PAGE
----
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story.lead_photo.caption Sally Ince/News TribuneThe Solid Rock Church Band performs Friday outside of Ana Marie's during the Downtown Living Windows event.

On a cold December evening, Leroy the camel stands at the corner of Monroe and High streets, ready to greet visitors to the 31st annual Downtown Living Windows.

The single-humped, 2-year-old camel is one of many interactive displays lining High Street. Children gather around him, offering baby carrots and hoping to stroke his fluffy coat.

Every year, thousands flock to the downtown area for the Living Windows, a collection of holiday-themed displays in the windows and on the sidewalks of downtown businesses.

Leroy stood outside Cole County Abstract & Title, but he was brought to the event by Capital City Christian Church. Leroy and some more live animals are part of their Journey to Bethlehem, which will be next weekend.

Down the street, the worship band from Solid Rock Church entertained the crowds with a mix of favorite holiday tunes and worship songs. Julie Rollins, worship director, said it's the bands''second year attending.

"We love Christmas, and just coming together as a community and celebrating it together, and everybody celebrating community and loving on people, and getting to meet new people — that's exciting. I love that," Rollins said.

For the band, it also provides a chance to spread a message.

"Not only do we love Christmas — we love the fun of Christmas, and the merriment of Christmas — we also love the message of Christmas," Rollins said. "We want to spread the hope of Jesus out into the streets.

"What cooler thing to do, to come out here among thousands of people and spread that message of hope and love to people."

The worship band weren't the only ones sharing music on Friday night, as bundled up visitors strolled the streets. Down at Midwest Travel, a group of children stood behind the glass of the store's windows singing "Rudolph the Red-Nosed Reindeer" and other popular carols.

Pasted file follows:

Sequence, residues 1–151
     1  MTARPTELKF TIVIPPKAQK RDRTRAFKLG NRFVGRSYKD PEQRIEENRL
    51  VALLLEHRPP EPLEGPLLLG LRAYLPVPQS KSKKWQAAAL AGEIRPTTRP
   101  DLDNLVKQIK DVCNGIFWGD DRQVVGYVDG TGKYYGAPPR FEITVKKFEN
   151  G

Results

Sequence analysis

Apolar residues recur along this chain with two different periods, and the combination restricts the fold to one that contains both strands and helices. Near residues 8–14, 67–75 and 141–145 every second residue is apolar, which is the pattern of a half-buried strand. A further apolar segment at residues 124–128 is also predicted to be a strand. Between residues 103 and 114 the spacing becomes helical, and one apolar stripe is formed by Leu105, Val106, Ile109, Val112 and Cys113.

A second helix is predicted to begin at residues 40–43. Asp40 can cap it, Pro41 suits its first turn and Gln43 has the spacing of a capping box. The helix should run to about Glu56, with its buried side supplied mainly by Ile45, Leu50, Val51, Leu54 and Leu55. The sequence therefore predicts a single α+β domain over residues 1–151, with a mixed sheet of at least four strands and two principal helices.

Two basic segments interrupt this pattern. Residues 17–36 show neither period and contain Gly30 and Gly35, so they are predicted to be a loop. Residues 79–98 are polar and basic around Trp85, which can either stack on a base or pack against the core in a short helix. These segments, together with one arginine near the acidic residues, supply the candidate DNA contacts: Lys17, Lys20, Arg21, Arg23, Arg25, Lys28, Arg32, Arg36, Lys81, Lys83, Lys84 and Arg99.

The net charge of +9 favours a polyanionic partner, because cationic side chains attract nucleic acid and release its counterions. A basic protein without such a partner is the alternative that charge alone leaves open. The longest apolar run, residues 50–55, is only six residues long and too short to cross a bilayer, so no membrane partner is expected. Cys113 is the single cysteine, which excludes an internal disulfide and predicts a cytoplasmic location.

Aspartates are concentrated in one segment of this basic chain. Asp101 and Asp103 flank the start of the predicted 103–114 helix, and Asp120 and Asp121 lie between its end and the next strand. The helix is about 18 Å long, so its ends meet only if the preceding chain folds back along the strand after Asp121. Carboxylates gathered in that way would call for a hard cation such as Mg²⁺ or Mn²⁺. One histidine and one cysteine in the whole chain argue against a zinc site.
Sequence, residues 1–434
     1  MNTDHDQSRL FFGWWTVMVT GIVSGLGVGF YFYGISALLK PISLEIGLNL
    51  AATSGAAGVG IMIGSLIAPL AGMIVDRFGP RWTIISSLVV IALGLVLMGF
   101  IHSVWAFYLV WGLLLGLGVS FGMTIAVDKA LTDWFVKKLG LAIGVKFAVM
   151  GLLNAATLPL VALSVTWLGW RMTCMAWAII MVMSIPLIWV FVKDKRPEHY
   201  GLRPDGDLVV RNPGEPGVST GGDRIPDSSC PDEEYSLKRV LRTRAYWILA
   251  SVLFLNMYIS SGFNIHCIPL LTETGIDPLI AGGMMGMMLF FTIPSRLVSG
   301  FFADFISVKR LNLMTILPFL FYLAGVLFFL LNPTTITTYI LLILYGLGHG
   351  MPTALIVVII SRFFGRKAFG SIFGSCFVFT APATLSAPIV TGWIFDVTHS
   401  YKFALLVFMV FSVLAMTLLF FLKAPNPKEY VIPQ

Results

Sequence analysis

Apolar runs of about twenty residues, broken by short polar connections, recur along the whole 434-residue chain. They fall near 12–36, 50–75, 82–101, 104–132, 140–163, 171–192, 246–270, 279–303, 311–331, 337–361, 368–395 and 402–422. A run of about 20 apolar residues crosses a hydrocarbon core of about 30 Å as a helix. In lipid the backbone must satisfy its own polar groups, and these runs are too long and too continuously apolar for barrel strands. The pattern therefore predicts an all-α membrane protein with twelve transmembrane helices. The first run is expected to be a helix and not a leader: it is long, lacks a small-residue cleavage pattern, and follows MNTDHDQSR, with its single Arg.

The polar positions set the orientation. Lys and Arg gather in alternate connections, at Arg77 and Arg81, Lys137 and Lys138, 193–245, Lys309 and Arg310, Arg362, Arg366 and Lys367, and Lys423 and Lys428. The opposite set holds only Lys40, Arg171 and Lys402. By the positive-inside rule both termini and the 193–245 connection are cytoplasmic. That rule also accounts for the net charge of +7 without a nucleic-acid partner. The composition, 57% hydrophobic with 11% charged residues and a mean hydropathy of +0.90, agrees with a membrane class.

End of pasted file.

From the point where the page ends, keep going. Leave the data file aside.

The Missouri River Regional Library was host to a pair of reindeer, and at the First Presbyterian Church, a returning favorite, the live nativity scene, offered the chance to pet a sheep.

Amanda Leroux took a moment inside the church to snap some photos of her children Duncan, 8, and Gretchen, 5.

Leroux said the family has attended for four years now.

"It's one of our holiday traditions," Leroux said. "We look forward to it every year — coming to see the live nativity, and all the ballerinas in the windows, and the Santa Claus."

Duncan said they hadn't made it to Santa yet, at Hawthorn Bank, but they were heading that way.

"We came to see the ballerinas and drink hot chocolate," Duncan said, adding those things, and the cookies many passed out, were his favorite parts of the event.

The Leroux family were one of hundreds that came out to the event, despite the chilly temperatures, to see dancers, musicians and other performers down High and Monroe streets.

Some of the Living Windows weren't necessarily holiday themed, like the Sons of the American Revolution, who set up camp in front of Spectators Sports Bar & Grill. Jim Baker, central district color guard commander with SAR, said they were using the event to help create interest in the organization and find new members.

"We're more of a living history," said Baker, clad in a navy blue Revolutionary War-era military outfit, complete with a tricorn hat. "Anytime you can have a large number of people to spread the word, it's a great avenue."

So, Baker and some other group members were out, trying to drum up membership and spread the history of their ancestors, who fought in the war.

Baker said this was only his second time at the event, despite being a long-time resident of the area.

"It gives (visitors) a free avenue for family and friends to walk up, and just see what Jefferson City has to offer," Baker said.

The event was originally created in 1988, when former News Tribune marketing director Beth Chisholm was inspired by a similar event in Lebanon, Missouri, and wanted to bring it to Jefferson City. It was designed to draw visitors to the downtown area.

Every year since, it's brought the city out to celebrate the holidays together.

For Rollins, that sense of community makes standing out in the cold worth it.

"I love that we all get to come together and celebrate this holiday as a town of Jefferson City," she said.

Gallery: Jefferson City Christmas Festivities 2019
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